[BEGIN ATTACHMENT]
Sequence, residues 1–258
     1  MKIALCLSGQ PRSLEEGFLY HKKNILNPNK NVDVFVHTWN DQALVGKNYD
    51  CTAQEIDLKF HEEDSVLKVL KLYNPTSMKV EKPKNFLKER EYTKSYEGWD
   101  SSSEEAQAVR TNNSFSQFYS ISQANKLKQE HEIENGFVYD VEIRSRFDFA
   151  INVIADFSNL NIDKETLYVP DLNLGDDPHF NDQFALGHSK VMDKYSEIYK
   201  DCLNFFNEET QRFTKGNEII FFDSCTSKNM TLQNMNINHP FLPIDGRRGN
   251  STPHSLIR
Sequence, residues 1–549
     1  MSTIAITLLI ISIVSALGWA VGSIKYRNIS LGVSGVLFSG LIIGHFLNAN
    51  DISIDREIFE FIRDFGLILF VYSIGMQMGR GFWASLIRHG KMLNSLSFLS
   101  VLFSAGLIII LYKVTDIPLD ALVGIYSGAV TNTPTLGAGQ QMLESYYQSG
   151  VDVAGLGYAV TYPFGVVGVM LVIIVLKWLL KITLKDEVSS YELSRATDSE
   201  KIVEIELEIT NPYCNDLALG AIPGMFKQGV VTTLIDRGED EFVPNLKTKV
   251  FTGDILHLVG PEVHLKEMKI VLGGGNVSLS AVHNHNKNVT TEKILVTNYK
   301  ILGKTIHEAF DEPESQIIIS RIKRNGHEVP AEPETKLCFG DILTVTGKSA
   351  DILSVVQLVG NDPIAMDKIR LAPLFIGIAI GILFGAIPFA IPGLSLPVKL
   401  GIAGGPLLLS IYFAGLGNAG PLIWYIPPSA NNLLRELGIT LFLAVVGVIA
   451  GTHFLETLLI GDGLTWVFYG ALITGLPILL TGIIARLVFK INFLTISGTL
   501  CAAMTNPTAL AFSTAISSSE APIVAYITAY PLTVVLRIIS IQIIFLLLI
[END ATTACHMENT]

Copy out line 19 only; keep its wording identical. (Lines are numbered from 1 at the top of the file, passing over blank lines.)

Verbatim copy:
   501  CAAMTNPTAL AFSTAISSSE APIVAYITAY PLTVVLRIIS IQIIFLLLI